- The plant has to divide its nutrients for the foliage and the flower. This division will affect the foliage growth.
- After you cut the flowers, the stem will continue its growth.
But the flower is not that bad in the looks department. You can keep the flower intact for its looks, but you will have to compromise the foliage’s growth.
How to Cut Lucky Bamboo Flowers?
If you decide to cut the flower, do not do it haphazardly. Follow the steps below to cut it properly.
- The cutting procedure should always be done early in the morning when the plant is full of moisture and energy.
- Prepare the required tools like pruning shears and gardening gloves.
- Gently take hold of the flower from its base.
- Cut the stalk connecting the flower to the plant a few centimeters above the base.
- Or, you can deadhead the plant completely to let the stem continue from that point.
- You can also grab the flower and pluck it from the base with your hand.
- Make sure you do no damage to the neighboring stems and leaves.
The flowers of Lucky Bamboo do not have much use. They have a good appearance, but other than that, they are pretty useless.
The foliage of this plant is famous among people worldwide, but they do not usually talk about the flower.
Health Considerations to Keep in Mind
The Lucky Bamboo may bring luck and fortune to you and your family, but if you consider your pets, the Lucky Bamboo might prove to be dangerous.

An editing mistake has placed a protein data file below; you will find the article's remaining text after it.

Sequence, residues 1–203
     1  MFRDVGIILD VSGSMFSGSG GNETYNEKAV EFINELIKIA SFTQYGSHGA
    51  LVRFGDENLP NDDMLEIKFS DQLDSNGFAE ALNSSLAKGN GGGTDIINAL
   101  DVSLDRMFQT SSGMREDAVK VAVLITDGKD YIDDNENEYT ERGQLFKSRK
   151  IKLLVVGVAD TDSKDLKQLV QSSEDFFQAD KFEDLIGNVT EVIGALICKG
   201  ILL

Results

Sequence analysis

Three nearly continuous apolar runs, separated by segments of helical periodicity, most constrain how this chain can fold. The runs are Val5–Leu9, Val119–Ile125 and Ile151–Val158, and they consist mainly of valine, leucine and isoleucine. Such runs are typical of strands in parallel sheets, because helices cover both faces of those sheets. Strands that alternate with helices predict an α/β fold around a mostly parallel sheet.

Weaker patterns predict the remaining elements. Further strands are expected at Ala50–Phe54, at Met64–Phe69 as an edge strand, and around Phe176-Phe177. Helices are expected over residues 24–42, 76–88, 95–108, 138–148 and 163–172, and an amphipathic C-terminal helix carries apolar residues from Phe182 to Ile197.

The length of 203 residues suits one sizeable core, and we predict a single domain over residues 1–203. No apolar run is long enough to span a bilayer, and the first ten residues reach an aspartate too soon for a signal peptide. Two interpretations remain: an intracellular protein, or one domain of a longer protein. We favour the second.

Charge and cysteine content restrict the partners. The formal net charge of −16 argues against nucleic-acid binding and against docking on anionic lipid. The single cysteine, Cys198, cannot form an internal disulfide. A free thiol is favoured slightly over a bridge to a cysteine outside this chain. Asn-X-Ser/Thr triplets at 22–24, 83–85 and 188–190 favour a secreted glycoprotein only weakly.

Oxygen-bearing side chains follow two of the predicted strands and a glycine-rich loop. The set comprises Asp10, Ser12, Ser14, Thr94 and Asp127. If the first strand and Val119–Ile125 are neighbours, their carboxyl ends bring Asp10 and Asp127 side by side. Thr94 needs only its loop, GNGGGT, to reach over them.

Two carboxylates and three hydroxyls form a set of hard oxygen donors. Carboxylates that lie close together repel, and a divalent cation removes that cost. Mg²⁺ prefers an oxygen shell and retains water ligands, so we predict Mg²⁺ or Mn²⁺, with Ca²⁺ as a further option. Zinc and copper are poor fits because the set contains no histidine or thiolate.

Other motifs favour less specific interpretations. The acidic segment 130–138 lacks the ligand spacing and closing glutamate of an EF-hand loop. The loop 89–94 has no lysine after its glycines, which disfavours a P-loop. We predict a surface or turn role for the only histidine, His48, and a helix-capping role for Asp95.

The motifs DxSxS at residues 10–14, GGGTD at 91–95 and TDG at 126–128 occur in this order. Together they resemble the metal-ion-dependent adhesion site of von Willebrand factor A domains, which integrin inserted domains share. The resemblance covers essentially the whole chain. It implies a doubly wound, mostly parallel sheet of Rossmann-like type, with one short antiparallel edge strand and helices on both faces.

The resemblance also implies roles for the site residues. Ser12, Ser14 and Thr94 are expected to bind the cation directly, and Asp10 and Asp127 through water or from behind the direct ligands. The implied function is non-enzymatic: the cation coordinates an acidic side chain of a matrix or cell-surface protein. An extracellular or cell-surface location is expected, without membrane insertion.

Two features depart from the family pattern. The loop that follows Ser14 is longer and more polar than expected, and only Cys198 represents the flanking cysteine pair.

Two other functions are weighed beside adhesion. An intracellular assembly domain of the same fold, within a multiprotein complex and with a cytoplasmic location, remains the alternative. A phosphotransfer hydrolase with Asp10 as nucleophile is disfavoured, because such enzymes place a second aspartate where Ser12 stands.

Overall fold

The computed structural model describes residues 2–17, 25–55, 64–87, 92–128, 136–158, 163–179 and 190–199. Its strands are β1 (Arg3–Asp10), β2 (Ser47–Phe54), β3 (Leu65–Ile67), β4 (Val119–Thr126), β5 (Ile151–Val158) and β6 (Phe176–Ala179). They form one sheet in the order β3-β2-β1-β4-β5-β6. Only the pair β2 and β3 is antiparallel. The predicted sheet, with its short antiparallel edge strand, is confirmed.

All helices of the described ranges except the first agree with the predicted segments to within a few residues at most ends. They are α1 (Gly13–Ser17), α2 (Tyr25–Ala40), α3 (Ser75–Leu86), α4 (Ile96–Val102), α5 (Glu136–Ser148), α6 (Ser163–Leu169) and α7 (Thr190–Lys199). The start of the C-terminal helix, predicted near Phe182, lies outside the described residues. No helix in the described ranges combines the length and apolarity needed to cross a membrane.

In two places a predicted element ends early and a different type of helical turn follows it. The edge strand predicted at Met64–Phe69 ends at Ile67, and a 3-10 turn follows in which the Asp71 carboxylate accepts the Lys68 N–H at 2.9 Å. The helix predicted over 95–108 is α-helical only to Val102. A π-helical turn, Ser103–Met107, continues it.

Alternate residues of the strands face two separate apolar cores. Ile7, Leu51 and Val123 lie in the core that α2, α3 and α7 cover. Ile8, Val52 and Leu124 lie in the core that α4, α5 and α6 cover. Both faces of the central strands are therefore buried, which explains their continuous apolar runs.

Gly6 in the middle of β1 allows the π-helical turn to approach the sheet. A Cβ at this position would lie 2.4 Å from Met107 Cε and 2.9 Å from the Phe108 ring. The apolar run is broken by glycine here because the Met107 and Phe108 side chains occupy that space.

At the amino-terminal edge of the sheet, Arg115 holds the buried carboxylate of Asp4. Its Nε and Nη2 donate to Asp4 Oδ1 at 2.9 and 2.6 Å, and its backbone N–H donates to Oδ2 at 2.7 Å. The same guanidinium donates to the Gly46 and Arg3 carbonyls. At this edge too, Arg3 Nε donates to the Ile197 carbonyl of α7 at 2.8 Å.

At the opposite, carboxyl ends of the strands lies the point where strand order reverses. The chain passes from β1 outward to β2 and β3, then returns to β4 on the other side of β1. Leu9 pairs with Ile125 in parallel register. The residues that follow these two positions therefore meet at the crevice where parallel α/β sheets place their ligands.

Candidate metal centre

According to ASPCA, plants in the Dracaena genus contain a compound saponin that is toxic to cats and dogs.
Saponins are toxic compounds that protect the plant from different pests, fungi, bacteria, etc. When humans or pests ingest this compound, it can be harmful.
If your pets chew the plant or its flower, they may exhibit symptoms like anorexia, hypersalivation, vomiting (sometimes with blood), depression, etc.
Lucky Bamboo flowers can be very toxic depending on the amount of ingestion.
Although there is not enough evidence to support the flower’s toxicity, it is always better to be safe than sorry.
If you find your child has ingested this plant, you can contact the American Association of Poison Control Center at (800) 222-1222.
For pets, contact ASPCA Poison Center at (800) 426-4435.
Read more: Is Lucky Bamboo Toxic to Cats?
To Wrap It Up!
Making the Lucky Bamboo bloom can be tedious if you are not patient enough.
You can respect the integrity of the plant and use it for good lucks, or get experimental and satisfy yourself with the short-lived blooms.
Good luck with the choice!
You may get interested in reading about; Fertilizers for Lucky Bamboo